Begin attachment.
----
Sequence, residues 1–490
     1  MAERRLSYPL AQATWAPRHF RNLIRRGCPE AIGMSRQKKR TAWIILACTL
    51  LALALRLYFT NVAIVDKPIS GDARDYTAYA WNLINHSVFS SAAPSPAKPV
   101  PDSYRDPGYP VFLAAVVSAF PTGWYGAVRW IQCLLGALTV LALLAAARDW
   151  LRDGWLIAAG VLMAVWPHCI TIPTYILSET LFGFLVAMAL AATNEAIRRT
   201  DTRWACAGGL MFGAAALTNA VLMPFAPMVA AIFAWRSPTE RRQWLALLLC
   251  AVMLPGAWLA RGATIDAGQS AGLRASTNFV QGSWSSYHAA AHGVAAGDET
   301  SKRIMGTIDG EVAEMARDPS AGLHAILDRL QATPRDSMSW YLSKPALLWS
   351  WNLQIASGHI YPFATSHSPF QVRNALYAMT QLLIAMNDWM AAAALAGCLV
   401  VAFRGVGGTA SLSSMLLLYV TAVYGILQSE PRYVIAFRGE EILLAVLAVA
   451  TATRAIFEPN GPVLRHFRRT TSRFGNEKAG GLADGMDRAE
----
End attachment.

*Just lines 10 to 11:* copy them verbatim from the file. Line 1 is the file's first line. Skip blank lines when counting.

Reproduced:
   401  VAFRGVGGTA SLSSMLLLYV TAVYGILQSE PRYVIAFRGE EILLAVLAVA
   451  TATRAIFEPN GPVLRHFRRT TSRFGNEKAG GLADGMDRAE